THE GAZETTE, MONTREAL, TUESDAY, JUNE 9, 1992
Ideas wanted on Canadian unity
Consultant hopes 'Pro-Canada Showcase' will help
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Philip McMaster says he's sick and tired of whining Canadians.
"Everyone is always talking about how bad the situation is here how our country is falling apart," he said.
"I think people should shut up and do something about it. There are a lot of people with a lot of good ideas. But they are caught in a sea of disorganization."
McMaster, a freelance marketing consultant, hopes his ProCanada Showcase will help. On Thursday, he is inviting anyone with an idea about bringing Canadians closer together to a strategy meeting in his Bleury St. office.
Then McMaster plans to invite people back to an exhibition June 18, where they can display their pro-Canada message or theme to the general public.
Money for the exhibition and McMaster's office space were provided by anonymous donors McMaster said, and he thinks he knows why.
"People in Quebec are ashamed of promoting Canadian unity. In the rest of the country, they're waving flags. Here, we're afraid to expose ourselves."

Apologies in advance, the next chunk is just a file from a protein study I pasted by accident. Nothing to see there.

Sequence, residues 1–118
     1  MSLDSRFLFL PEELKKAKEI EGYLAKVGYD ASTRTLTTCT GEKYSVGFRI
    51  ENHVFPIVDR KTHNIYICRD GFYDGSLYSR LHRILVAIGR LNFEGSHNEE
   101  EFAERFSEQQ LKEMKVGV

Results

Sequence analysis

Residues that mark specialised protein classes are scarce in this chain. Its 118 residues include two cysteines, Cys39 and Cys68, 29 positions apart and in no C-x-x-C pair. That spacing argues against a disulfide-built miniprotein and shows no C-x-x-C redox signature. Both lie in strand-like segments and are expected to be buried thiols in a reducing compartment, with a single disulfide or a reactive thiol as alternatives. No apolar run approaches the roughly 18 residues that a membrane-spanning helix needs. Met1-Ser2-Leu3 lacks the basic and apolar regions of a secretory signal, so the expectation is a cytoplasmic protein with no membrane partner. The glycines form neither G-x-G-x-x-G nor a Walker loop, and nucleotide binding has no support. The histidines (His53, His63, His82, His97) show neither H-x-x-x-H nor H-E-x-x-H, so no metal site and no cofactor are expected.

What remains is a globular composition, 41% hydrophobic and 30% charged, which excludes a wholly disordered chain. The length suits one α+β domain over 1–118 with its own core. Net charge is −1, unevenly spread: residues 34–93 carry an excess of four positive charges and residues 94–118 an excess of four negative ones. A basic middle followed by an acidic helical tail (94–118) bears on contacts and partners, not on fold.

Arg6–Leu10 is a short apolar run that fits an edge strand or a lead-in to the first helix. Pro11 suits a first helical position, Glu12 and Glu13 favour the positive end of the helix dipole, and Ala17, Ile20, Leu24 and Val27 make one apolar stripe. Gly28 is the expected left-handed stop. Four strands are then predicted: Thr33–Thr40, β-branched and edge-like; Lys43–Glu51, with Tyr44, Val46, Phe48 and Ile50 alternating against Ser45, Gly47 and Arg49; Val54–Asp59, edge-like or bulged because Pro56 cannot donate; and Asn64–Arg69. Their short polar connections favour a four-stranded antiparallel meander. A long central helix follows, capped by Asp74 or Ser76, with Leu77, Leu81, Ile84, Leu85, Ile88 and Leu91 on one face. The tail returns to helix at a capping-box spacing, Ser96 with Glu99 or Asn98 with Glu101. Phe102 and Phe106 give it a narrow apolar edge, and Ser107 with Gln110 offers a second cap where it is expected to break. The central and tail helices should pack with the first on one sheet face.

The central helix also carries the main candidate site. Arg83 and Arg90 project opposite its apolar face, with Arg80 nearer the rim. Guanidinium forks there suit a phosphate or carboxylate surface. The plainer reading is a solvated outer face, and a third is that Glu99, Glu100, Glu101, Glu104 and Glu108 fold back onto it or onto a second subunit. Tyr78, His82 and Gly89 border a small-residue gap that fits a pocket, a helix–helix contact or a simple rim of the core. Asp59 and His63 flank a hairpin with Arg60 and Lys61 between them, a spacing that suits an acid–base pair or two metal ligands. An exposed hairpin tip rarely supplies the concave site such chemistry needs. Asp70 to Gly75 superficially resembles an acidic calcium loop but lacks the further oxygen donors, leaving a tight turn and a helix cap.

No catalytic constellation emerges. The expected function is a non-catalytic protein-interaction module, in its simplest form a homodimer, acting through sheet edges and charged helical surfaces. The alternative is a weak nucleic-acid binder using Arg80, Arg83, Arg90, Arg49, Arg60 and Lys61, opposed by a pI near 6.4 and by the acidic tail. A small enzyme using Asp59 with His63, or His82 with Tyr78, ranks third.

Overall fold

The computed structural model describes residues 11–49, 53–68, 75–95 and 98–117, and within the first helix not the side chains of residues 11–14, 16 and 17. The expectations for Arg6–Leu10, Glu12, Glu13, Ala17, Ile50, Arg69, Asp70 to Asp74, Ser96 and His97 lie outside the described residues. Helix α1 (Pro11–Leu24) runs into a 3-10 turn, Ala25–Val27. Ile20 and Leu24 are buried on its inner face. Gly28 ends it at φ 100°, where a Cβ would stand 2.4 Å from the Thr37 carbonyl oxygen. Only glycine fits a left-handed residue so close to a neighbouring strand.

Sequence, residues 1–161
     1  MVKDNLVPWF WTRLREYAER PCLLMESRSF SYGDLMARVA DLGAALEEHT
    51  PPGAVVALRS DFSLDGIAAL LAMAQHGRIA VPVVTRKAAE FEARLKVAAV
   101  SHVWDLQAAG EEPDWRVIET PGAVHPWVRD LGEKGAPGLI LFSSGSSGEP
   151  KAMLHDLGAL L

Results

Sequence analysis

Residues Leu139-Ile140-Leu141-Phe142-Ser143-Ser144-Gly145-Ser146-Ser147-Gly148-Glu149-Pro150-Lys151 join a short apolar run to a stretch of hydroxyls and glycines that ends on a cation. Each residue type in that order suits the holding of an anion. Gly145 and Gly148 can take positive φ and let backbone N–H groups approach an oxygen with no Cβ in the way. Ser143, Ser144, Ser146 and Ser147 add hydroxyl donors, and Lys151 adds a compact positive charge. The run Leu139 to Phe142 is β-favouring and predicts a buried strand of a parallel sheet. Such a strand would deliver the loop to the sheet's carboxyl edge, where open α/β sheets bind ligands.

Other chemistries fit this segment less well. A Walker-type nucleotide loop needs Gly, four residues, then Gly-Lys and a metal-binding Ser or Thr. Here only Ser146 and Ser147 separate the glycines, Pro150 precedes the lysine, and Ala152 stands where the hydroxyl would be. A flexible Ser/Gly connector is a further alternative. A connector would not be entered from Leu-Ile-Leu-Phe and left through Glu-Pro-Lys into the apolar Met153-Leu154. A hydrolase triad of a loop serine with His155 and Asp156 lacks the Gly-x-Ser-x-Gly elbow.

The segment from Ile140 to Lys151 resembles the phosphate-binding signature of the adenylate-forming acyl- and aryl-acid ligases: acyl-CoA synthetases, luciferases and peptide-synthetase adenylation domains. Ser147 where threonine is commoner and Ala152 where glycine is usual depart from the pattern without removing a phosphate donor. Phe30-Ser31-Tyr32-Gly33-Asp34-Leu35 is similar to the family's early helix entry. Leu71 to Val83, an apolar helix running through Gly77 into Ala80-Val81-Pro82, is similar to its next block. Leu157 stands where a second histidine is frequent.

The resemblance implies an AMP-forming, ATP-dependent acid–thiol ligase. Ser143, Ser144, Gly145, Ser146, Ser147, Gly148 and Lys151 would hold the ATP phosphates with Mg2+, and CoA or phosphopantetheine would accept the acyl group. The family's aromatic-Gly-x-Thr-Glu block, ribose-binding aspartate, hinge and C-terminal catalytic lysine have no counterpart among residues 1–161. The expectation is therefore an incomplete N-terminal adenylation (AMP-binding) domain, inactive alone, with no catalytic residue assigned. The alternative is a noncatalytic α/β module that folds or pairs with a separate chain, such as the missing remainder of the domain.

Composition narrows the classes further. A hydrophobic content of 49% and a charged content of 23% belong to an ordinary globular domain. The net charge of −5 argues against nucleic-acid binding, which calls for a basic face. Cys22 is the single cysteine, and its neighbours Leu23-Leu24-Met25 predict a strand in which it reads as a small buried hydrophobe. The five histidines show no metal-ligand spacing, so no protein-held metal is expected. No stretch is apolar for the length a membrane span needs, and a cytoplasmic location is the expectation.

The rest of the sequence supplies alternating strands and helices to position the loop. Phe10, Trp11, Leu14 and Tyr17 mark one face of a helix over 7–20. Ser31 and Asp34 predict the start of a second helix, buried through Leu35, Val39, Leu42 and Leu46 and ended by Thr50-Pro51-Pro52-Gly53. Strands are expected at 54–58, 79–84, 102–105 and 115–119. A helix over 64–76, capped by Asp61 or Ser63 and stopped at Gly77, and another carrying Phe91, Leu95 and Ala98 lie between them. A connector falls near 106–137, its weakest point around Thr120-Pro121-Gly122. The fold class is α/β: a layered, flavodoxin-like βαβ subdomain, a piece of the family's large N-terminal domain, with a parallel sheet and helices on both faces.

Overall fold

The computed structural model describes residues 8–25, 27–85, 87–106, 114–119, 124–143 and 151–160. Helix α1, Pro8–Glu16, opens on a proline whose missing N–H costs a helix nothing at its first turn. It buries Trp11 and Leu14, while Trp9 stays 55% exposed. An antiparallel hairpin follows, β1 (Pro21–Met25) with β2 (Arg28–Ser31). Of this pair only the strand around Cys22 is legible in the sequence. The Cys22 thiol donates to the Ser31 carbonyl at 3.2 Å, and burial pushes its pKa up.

Born in Val Morin, McMaster has lived in cities across Canada. He returned to Montreal in 1988.
McMaster doesn't want the meeting to be a political forum. "This isn't about the constitution. It's for people to get enthusiastic about our country."
But it hasn't been easy, McMaster said. When he called Canada 125, a government-sponsored organization which plans events to celebrate Canada's 125th birthday, the response was not good.
"They told me they were too busy to come to the strategy meeting," he said. "I respect what (Canada 125) is doing. But I think they are really missing the point here. They should be able to take one hour out of their schedules and come to the meeting, or at least send one of their staff members. Let's get our priorities straight."
Since March, McMaster has been handing out Canadian flag lapel pins to people on the street. He also helped design an ad which appeared in 35 newspapers across Canada on April 27 to promote Canadian unity.
Since the ads, on the theme "Quebec is our home / Canada is our country" appeared, McMaster has been answering letters from across the country.
"Eighty per cent of those letters have been supportive. It is quite encouraging"
So far, the response to the showcase has been good, too, he said.
"But it can be frustrating. There are about 20 groups and individuals who have responded, but it would be nice to have more."
Most of those groups and individuals, he said, are anglophone. "But I want to hear from anyone and everyone."
McMaster said he doesn't think his task is impossible, but it will require a lot of co-operation. "I don't want to be the king of Canadian unity. I just want to try to help fix the situation."
(Thursday's strategy meeting takes place from 11 a.m. to 7 p.m. at 901 Bleury St., fourth floor. For more information, call Philip McMaster at 204-931-3900)